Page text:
Gaucho (Spanish: [ˈɡautʃo]) or Gaúcho (Portuguese: [ɡaˈuʃu]) is a term commonly used to describe residents of the South American pampas, Gran Chaco, or Patagonian grasslands, found principally in parts of Southern Brazil, Argentina, Uruguay, Paraguay, eastern and southern Bolivia and Southern Chile. In Brazil, gaúcho is also the main gentilic of the people from the state of Rio Grande do Sul.
Gaucho is a loose equivalent of the North American "cowboy" (vaquero, in Spanish). Like the North American word cowboy, the Chilean huaso, the Cuban guajiro, the Venezuelan or Colombian llanero or the Mexican charro, the term often connotes the 19th century more than the present day; then gauchos made up the majority of the rural population, herding cattle on the vast estancias, and practising hunting as their main economic activities.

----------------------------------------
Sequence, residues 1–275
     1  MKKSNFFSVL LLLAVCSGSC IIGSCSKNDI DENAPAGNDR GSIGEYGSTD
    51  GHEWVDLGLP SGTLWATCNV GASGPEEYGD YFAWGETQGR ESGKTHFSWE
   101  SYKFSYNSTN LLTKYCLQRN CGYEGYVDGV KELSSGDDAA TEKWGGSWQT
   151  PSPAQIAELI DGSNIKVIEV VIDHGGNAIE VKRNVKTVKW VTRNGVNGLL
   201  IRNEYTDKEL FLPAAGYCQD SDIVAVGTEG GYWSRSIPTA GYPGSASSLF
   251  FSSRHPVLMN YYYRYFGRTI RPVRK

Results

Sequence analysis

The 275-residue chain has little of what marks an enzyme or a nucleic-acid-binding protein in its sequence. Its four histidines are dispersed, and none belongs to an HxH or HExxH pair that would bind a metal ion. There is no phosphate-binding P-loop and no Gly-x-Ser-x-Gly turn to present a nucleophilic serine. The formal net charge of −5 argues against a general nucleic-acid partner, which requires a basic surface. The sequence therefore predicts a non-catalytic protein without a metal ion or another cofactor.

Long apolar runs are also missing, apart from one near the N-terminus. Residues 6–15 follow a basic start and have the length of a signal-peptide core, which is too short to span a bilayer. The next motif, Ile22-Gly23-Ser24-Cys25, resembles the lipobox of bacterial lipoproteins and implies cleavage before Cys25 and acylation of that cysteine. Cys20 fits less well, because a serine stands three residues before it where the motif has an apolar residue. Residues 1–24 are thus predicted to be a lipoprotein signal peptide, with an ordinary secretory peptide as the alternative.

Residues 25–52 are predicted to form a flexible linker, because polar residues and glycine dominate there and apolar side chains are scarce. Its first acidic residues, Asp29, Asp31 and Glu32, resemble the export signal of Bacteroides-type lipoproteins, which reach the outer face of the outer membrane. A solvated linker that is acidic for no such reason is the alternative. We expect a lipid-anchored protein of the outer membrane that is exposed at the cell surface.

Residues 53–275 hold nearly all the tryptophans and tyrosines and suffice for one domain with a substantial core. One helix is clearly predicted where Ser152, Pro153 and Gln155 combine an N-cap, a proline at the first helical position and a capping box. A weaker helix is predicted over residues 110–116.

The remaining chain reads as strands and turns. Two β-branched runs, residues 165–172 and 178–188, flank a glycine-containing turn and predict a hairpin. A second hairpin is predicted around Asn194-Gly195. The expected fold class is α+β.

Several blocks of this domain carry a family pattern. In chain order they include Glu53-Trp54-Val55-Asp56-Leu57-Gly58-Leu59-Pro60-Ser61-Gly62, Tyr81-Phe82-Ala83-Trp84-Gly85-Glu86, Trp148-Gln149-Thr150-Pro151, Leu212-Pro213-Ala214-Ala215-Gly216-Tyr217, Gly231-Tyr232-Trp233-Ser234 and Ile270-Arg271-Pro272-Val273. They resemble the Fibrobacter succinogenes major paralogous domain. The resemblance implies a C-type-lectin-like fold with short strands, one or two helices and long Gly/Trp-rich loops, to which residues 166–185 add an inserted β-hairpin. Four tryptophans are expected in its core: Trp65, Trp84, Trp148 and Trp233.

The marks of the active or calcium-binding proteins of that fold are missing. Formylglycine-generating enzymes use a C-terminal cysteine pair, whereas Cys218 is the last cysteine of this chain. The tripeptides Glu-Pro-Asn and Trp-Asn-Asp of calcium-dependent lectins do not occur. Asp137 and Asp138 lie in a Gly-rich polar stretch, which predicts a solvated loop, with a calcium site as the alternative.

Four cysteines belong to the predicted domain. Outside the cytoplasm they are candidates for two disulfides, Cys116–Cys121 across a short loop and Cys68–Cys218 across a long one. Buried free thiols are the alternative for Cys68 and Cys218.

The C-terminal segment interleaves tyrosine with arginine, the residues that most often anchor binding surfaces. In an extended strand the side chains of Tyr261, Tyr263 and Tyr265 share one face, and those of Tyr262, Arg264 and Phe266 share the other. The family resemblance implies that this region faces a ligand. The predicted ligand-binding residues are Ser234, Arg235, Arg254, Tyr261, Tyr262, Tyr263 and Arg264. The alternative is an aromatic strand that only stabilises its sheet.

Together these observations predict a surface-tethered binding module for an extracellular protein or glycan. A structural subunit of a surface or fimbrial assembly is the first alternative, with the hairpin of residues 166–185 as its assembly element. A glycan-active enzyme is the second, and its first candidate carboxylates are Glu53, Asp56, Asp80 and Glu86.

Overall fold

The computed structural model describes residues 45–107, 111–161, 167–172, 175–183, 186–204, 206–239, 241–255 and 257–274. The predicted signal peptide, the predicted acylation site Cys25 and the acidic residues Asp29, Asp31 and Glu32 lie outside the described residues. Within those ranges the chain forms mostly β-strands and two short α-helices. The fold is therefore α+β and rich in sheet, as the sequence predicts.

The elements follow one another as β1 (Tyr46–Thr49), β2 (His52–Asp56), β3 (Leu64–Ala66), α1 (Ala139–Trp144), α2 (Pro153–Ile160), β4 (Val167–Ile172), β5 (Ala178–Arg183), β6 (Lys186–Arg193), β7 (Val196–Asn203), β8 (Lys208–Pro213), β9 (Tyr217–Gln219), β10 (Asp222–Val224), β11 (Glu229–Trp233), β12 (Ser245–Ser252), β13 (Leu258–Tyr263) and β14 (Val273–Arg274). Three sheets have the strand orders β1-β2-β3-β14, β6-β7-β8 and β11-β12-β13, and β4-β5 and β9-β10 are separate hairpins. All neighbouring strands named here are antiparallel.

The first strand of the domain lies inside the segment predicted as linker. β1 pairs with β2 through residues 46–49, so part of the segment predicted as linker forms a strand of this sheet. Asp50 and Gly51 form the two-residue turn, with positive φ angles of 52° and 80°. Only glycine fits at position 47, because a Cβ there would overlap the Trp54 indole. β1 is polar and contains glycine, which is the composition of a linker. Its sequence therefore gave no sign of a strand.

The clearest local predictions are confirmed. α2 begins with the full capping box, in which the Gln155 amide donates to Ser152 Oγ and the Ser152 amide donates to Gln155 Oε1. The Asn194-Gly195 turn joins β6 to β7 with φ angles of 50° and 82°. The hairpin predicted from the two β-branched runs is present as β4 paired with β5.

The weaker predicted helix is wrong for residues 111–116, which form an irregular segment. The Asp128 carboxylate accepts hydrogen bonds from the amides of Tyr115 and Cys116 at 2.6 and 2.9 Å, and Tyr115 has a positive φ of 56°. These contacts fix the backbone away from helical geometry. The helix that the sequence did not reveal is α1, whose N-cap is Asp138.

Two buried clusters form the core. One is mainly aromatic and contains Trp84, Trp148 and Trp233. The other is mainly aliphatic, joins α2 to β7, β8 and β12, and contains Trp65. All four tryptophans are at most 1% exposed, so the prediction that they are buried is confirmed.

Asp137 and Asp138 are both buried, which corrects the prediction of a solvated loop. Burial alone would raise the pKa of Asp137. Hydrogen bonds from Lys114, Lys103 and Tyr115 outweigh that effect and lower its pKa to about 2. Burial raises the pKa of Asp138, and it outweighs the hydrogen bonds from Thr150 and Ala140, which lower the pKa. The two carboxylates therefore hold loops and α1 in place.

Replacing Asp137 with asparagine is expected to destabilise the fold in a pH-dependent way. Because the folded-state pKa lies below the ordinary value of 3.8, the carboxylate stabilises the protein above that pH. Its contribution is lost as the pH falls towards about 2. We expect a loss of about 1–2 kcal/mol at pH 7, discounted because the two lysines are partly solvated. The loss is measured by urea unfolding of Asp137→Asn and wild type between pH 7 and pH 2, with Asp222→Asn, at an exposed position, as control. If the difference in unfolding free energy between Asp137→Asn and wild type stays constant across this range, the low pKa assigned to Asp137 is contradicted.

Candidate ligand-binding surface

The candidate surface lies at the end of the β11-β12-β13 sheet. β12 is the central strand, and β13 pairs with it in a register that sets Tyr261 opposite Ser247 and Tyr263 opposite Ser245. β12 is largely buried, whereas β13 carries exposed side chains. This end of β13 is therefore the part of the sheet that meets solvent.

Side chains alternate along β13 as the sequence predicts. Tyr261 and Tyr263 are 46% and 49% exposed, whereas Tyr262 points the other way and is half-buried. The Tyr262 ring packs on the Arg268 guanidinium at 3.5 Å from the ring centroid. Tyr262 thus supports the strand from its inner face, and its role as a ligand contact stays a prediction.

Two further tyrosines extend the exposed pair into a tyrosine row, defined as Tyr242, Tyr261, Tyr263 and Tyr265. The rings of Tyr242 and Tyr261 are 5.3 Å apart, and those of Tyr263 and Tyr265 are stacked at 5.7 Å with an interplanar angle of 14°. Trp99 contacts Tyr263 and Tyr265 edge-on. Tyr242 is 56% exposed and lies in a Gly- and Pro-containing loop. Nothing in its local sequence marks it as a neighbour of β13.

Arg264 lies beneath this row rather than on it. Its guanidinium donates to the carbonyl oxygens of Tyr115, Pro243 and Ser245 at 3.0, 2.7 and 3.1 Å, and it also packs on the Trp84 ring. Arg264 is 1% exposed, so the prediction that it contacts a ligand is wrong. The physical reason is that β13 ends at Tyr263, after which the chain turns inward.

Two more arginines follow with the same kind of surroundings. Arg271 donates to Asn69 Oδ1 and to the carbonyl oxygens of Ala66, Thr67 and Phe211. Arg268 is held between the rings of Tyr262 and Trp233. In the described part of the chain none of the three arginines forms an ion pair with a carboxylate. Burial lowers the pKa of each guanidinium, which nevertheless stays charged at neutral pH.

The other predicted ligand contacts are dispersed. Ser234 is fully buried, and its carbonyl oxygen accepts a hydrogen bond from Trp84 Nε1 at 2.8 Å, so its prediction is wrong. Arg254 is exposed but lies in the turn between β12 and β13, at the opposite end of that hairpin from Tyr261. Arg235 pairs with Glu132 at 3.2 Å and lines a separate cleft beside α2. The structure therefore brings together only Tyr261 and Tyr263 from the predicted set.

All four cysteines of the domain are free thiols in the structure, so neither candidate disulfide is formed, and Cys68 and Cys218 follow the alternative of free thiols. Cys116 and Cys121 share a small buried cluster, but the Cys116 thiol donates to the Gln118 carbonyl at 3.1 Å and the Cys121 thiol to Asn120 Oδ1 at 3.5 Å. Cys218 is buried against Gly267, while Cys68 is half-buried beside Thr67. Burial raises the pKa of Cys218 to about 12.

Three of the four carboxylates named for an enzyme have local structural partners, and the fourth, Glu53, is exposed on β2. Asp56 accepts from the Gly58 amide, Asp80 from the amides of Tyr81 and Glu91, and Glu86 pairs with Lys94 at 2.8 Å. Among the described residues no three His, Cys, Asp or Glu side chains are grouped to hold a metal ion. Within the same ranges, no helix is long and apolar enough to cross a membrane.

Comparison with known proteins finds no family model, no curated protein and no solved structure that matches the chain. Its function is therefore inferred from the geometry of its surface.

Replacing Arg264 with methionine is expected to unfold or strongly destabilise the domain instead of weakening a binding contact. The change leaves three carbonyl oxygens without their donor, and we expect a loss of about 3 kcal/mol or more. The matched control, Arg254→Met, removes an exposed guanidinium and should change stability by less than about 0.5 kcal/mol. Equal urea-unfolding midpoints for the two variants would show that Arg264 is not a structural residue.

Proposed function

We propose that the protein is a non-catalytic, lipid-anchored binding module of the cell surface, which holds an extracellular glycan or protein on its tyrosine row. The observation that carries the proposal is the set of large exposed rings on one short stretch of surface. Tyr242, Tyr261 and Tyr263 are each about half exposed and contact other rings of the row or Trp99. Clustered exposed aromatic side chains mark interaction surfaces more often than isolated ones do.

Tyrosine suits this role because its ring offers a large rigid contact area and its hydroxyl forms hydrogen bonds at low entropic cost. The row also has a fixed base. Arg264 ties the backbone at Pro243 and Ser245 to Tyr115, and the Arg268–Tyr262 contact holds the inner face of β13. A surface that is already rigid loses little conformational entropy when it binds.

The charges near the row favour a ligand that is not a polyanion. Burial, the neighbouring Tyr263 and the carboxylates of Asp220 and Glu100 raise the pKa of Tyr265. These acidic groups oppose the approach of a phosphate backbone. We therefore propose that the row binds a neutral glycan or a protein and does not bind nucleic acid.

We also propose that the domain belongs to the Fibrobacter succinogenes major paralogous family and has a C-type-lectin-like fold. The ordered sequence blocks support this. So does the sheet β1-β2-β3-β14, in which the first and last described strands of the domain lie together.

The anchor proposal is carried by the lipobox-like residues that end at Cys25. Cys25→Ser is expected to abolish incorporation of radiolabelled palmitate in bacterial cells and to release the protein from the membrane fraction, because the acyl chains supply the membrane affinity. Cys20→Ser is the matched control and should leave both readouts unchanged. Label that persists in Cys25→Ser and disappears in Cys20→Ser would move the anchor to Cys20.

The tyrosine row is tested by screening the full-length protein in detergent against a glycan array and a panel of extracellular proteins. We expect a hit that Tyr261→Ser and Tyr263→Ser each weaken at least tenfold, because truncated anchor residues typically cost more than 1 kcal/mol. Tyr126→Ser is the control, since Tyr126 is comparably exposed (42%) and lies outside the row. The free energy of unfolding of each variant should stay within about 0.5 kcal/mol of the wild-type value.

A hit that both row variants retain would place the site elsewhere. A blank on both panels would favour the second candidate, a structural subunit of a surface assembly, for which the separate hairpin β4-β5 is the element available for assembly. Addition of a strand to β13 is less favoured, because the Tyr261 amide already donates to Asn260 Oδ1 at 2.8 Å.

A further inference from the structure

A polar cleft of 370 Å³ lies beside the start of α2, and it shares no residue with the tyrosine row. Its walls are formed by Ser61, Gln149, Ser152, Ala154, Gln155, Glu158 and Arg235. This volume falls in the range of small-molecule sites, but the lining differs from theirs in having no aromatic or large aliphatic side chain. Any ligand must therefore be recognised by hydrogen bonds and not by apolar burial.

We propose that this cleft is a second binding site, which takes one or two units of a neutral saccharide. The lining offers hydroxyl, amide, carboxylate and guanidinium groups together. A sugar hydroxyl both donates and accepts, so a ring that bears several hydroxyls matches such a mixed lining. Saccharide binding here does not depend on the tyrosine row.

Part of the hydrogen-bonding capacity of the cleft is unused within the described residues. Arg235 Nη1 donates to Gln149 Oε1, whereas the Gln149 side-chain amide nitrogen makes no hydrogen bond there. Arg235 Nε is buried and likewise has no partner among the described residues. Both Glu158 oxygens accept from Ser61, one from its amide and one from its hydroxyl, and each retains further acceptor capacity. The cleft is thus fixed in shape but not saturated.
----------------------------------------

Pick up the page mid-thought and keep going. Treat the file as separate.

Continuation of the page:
There are several conflicting hypotheses concerning the origin of the term. It may derive from the Mapuche cauchu ("vagabond") or from the Quechua huachu ("orphan"), which gives also a different word in American Spanish, guacho and Brazilian Portuguese gaúcho. The first recorded uses of the term date from around the time of Argentine independence in 1816.